Section: News

College refinances $12.9 million worth of 2010 bonds debt

On Oct. 2, Todd Burson, vice president for finance, took advantage of current low interest rates and refinanced a portion of the College’s debt that was issued in the form of bonds in 2010.

Specifically, the College was able to lower its outstanding debt par value (the amount issuers promise to repay to investors) by approximately $7 million without using any of the College’s own money.

Burson finalized the refinance deal with support from the Board of Trustees. The deal was praised by both President Sean Decatur and Vice President for Student Affairs Meredith Harper Bonham ’92.

In total, the refinancing amounts to $12.9 million in present value savings, which means that the College will save $12.9 million over the life of the bond, as measured in the present value of the dollar. According to Burson, this will lower interest payments the College makes for the next 25 years.

The 2010 bonds are just one of five of the College’s current bond deals, the other four being the 2013, 2015, 2016 and 2017 issues. When the College issues bonds, it puts a 10-year call on them, meaning that they can recall the bonds in order to pay them off or refinance them after 10 years. This gives the College more flexibility to respond to market conditions, according to Burson.

The 2010 bonds will officially be called next April. The decision to refinance was a forward-delivery issue, with an agreement between the College and investors that they will close on the deal when the debt is called in 2020.

The reason why Burson and the Board of Trustees decided to pursue this forward-delivery issue is because of the favorable conditions for issuers in the current market.

The current global economy is characterized by uncertainty. Until recently, the yield curve on short-term bonds was inverted, a tell-tale sign of recession, and global economic growth is expected to be sluggish.

In times of uncertainty, investors flee towards safe decisions, such as investing in Kenyon’s debt on the municipal bond market. In basic economic terms, this meant that the College saw a lot of demand—and when demand rises, costs are driven down. Since last spring, Burson and the Board of Trustees’ Investment Committee have been watching the bond market and looking at the potential savings Kenyon could acquire through refinancing.

At the end of last school year, the College was looking at approximately $4 million in present value savings, the amount of cumulative savings of bond refinancing measured in terms of the current value of the dollar. In the summer, this increased to about $8 million.

“There was definitely a conversation especially around July … of ‘do we think those things are going to keep growing,’” Burson said. In seeking to answer this question, his job these past few months has primarily included reading the news and talking to underwriters.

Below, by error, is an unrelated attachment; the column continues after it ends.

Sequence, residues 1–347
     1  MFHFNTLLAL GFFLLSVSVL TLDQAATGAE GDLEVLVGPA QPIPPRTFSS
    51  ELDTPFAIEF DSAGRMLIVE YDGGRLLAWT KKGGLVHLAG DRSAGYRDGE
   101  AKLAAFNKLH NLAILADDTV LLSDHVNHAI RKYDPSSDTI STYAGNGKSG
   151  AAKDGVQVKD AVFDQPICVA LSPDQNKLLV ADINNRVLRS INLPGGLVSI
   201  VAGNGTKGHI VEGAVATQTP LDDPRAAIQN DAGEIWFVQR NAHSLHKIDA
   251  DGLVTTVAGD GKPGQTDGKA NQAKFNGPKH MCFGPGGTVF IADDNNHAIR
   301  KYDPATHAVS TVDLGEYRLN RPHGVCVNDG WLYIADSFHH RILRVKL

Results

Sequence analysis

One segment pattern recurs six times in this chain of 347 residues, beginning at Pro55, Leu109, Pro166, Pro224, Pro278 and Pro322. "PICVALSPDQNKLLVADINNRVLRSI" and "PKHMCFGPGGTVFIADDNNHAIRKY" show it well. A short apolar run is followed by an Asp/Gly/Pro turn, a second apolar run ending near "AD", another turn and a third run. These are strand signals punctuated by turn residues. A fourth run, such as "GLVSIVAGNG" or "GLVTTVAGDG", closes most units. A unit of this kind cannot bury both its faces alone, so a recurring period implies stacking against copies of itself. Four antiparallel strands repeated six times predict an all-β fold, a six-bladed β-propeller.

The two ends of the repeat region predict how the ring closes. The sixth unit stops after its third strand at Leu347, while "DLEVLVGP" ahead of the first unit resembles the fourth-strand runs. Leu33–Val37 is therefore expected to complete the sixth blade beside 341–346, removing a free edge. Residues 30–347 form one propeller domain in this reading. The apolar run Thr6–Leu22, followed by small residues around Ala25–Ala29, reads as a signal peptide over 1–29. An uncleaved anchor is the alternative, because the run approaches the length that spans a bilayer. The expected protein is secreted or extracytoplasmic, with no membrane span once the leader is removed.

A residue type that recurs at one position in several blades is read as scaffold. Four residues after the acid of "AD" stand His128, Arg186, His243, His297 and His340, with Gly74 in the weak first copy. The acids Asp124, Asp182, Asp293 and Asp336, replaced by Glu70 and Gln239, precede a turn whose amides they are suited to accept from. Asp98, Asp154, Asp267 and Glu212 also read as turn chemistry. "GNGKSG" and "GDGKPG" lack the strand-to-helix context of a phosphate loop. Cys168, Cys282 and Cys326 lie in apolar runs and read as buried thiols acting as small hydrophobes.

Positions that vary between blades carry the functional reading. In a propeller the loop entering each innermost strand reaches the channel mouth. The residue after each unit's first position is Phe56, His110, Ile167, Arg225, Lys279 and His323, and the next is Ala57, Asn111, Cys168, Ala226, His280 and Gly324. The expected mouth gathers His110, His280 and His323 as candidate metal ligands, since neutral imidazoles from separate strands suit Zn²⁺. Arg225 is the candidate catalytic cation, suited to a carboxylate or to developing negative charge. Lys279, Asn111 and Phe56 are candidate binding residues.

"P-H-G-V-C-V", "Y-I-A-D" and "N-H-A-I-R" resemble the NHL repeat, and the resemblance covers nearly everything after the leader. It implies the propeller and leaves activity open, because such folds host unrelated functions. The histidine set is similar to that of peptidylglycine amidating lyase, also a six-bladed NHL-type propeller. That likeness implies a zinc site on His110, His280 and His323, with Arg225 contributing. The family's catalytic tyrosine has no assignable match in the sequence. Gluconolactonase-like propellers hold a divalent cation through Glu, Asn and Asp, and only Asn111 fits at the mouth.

“At the end of the day, it seems like it’s just going to keep getting better [for issuers],” Burson said, “The rates seem like they’re not going to skyrocket.” Thus, the decision became about choosing to strike a deal at the right time.

“The joke with the Board was, I said, ‘maybe we just make the decision when I stop sleeping at night, when there’s so much savings to be had that I start worrying about it,” Burson said.

Burson said that point came in late September, when rates jumped back up by about 40 basis points. Burson decided to pursue a deal with investors then and there.

Once the deal was finalized, the College had attained $12.9 million in present value savings, money that, as it trickles in, will free up financial resources which Burson said could be used to strengthen the College’s academic programs.

While the College comes away from the currently uncertain market with a much better deal and millions in savings, it is not solely a beneficiary of economic uncertainty. While the current interest rate environment is good for institutions that issue debt in the form of bonds, debt issuances are not the only way the College leverages its financial position.

“When something is benefiting your liabilities, it is likely that your assets are not doing as well,” Burson said. As such, he said the Board of Trustees and specifically the Investment Committee have concerns about returns over the next five to 10 years, indicating that global macroeconomic indicators point to more of the same as far as slow GDP growth in the near future.

Nevertheless, Burson said the Board is acting to “shield the College as best we can if those low investment returns come to fruition.” The decision to refinance bonds, thereby bolstering the liability side of the College’s accounting ledger, is one such step to prepare for a potential hit to assets.

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